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The improbable econometric connection - Schumpeter and Frisch at the midnight of the century

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  • Francisco Louçã

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Abstract

When Joseph Schumpeter and Ragnar Frisch first met in the autumn of 1927 at Harvard, both the ensuing personal friendship and the intense academic and institutional cooperation were highly unlikely. Schumpeter, who was by then preparing to leave Germany for his American life-long exile, was twelve years older than Frisch and had a previous intense career as the most frequently quoted economist in the first decades of the century, only to be shadowed later by the glittering triumph of Keynes’s ‘General Theory’. Comparatively, Frisch was just a young economist with no publications. Furthermore, Frisch invited his colleague to the most daring adventure: to create econometrics as the tool to reconstruct economics as a mathematically based social science. Surprisingly, Schumpeter, who was totally innocent of mathematics, embarked and enthusiastically supported the construction and workings of the Econometric Society, which would become the Olympus of economics since those frightful years of what a novelist called the “midnight of the century”. This paper presents some evidence on this improbable econometric connection. Copyright Springer-Verlag Berlin Heidelberg 2015

Suggested Citation

  • Francisco Louçã, 2015. "The improbable econometric connection - Schumpeter and Frisch at the midnight of the century," Journal of Evolutionary Economics, Springer, vol. 25(1), pages 173-184, January.
  • Handle: RePEc:spr:joevec:v:25:y:2015:i:1:p:173-184
    DOI: 10.1007/s00191-014-0359-3
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    References listed on IDEAS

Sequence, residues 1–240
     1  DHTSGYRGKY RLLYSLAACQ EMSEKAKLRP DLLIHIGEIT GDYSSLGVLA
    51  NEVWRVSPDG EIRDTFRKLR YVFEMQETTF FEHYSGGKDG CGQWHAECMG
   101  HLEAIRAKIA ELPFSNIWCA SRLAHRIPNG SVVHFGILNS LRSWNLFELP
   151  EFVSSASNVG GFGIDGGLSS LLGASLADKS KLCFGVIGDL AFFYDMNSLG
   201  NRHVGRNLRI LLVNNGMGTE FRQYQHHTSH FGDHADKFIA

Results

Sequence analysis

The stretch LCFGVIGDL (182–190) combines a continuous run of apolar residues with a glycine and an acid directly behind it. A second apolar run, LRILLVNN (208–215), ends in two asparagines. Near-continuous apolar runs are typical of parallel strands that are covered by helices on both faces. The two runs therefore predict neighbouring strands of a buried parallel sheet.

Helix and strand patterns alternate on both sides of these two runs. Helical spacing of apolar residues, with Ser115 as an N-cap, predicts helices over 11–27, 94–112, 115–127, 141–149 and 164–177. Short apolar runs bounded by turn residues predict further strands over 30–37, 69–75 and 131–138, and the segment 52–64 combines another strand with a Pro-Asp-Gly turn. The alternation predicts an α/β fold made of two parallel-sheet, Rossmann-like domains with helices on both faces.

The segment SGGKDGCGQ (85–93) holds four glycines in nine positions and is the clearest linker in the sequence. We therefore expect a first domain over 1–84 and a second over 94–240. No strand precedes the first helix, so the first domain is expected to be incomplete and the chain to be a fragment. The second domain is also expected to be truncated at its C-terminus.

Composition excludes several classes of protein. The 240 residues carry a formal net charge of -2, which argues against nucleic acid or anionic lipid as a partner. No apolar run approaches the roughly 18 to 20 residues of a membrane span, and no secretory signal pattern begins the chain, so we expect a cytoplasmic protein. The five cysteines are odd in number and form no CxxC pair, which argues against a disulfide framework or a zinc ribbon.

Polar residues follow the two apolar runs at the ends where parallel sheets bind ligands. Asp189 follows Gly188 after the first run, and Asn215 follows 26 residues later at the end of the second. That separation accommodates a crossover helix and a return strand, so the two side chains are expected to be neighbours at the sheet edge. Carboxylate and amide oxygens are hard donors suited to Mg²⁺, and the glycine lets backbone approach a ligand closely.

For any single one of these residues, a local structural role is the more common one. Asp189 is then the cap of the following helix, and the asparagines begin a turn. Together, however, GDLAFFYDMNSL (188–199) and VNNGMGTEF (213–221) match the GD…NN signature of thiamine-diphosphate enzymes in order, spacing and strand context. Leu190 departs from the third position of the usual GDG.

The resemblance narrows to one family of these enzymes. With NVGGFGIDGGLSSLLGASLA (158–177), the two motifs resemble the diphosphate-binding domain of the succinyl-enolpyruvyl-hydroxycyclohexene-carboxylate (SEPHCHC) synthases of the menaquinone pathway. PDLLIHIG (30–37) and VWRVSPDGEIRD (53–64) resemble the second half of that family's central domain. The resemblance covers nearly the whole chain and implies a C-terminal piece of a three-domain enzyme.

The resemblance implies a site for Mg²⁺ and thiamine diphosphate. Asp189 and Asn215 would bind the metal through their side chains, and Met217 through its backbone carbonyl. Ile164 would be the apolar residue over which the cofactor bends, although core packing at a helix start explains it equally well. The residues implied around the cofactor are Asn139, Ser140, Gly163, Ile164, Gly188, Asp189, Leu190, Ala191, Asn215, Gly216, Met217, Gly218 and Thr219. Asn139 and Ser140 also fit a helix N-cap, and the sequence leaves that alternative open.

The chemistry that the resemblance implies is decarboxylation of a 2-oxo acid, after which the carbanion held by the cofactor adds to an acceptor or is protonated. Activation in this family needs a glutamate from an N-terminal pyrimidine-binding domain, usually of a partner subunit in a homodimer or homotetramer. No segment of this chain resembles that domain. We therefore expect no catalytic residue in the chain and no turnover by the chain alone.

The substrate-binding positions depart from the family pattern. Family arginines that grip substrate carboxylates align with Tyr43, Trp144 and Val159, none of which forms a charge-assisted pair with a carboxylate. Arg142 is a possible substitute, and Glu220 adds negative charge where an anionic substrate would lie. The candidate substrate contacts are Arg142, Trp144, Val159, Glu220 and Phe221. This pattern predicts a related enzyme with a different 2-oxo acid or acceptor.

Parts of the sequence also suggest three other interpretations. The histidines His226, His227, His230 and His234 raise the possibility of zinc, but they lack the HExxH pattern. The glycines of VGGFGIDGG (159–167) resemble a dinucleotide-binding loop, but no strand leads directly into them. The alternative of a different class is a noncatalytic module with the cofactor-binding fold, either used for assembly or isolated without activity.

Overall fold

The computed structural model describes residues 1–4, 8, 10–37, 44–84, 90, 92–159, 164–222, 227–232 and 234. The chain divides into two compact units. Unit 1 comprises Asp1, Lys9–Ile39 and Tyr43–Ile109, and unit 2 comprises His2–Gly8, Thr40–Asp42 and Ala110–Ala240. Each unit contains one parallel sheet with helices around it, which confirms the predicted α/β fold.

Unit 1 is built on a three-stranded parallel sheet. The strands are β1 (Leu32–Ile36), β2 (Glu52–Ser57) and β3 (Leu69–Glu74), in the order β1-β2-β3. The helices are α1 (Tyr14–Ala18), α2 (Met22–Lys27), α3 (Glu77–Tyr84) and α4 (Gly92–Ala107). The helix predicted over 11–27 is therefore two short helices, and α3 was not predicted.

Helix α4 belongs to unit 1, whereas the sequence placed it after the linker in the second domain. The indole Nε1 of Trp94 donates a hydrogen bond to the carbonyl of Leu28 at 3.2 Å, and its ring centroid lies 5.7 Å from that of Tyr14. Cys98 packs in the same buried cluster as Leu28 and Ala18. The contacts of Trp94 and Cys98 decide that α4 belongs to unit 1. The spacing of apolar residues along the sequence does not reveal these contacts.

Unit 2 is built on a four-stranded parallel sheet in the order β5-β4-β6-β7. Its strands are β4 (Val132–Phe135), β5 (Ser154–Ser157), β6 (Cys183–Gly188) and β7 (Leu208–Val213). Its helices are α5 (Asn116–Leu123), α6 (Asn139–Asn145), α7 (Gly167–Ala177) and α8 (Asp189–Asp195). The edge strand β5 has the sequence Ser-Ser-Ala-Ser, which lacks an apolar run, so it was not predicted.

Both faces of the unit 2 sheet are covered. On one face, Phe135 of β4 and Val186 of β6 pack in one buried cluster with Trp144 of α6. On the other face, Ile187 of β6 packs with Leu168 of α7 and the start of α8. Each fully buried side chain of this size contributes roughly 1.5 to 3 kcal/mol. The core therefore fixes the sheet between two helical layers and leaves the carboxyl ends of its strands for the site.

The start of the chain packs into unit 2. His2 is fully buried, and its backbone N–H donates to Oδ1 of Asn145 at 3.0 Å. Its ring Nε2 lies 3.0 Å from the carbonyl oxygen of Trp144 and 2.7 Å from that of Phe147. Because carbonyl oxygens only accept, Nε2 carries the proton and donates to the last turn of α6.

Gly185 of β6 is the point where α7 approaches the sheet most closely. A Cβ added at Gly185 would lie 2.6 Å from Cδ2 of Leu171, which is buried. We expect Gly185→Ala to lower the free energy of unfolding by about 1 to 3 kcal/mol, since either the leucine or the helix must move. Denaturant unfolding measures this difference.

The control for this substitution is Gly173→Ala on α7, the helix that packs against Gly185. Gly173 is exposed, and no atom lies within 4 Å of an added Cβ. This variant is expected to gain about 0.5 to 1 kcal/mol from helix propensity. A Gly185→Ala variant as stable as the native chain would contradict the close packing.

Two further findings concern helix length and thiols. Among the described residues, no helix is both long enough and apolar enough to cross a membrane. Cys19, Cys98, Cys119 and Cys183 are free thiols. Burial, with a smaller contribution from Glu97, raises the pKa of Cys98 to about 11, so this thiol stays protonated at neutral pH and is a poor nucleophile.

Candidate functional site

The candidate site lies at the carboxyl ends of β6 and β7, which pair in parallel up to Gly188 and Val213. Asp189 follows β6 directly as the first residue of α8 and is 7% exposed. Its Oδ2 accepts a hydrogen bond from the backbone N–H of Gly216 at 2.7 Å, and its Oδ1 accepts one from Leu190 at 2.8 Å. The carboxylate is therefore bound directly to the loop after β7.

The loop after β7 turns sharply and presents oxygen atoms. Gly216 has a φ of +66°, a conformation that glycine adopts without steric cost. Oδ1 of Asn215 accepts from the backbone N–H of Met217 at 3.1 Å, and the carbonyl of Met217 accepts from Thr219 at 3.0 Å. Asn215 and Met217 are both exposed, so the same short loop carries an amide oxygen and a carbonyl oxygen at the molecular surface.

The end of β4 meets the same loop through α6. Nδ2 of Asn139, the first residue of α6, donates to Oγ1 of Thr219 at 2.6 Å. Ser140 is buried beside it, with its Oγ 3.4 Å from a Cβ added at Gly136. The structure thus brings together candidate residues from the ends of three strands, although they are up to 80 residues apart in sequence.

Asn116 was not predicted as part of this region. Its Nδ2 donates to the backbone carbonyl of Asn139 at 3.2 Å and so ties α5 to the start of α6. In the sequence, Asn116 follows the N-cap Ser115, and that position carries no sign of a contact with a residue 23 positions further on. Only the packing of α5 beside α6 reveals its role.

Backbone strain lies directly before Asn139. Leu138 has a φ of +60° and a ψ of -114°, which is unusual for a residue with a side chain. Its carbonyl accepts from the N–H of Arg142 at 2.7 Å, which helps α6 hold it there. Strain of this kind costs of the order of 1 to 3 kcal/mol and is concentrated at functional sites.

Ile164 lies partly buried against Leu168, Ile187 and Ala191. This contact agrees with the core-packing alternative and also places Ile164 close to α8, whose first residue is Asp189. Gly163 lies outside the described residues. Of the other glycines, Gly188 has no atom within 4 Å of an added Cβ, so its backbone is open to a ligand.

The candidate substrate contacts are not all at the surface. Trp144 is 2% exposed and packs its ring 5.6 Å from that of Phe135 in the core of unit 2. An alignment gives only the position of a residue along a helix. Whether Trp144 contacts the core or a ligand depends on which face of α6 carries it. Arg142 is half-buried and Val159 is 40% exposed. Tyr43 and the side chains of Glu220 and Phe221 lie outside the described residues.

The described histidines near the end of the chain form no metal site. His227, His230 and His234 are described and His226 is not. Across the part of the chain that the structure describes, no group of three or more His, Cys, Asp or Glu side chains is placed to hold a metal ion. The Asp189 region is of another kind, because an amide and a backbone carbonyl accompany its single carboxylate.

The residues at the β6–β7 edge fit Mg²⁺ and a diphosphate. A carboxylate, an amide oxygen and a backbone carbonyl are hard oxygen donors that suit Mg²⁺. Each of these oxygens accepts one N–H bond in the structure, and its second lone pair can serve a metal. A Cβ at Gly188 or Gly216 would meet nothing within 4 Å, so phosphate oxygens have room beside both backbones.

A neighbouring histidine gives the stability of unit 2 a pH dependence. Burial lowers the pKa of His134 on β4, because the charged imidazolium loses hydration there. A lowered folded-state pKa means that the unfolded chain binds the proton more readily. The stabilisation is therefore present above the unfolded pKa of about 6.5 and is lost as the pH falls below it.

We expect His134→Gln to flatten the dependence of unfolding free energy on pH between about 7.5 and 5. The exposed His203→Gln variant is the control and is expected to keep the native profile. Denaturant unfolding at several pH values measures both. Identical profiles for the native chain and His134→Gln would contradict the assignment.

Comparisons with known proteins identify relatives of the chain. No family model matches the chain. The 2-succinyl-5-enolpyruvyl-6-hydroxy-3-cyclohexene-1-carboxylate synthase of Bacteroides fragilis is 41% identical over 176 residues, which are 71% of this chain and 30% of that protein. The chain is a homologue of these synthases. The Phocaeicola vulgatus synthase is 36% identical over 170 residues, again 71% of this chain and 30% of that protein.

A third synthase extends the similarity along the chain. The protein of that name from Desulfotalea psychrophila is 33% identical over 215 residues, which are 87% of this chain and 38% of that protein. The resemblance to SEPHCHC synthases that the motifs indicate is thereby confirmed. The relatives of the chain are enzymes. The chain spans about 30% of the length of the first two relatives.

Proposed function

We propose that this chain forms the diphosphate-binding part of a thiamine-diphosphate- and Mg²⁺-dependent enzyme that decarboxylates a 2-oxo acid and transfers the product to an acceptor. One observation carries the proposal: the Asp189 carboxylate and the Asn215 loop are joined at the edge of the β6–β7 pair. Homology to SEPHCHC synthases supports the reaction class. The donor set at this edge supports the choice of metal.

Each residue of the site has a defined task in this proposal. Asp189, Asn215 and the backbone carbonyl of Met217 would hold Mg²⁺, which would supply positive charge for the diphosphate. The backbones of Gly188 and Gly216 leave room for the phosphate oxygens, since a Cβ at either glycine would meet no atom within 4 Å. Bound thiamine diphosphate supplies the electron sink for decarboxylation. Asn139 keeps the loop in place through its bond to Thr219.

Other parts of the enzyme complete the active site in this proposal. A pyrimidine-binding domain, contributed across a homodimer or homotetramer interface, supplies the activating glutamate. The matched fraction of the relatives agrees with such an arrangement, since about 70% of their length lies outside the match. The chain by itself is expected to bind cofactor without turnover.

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    1. Tiago Mata & Francisco Louçã, 2009. "The Solow Residual as a Black Box: Attempts at Integrating Business Cycle and Growth Theories," History of Political Economy, Duke University Press, vol. 41(5), pages 334-355, Supplemen.
    2. Francisco Louca, 1999. "The econometric challenge to Keynes: arguments and contradictions in the early debates about a late issue," The European Journal of the History of Economic Thought, Taylor & Francis Journals, vol. 6(3), pages 404-438.
    3. Louca, Francisco, 2001. "Intriguing Pendula: Founding Metaphors in the Analysis of Economic Fluctuations," Cambridge Journal of Economics, Oxford University Press, vol. 25(1), pages 25-55, January.
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    More about this item

    Keywords

    Frisch; Schumpeter; Econometrics; Business Cycle; B23; C18; C51;
    All these keywords.

    JEL classification:

    • B23 - Schools of Economic Thought and Methodology - - History of Economic Thought since 1925 - - - Econometrics; Quantitative and Mathematical Studies
    • C18 - Mathematical and Quantitative Methods - - Econometric and Statistical Methods and Methodology: General - - - Methodolical Issues: General
    • C51 - Mathematical and Quantitative Methods - - Econometric Modeling - - - Model Construction and Estimation

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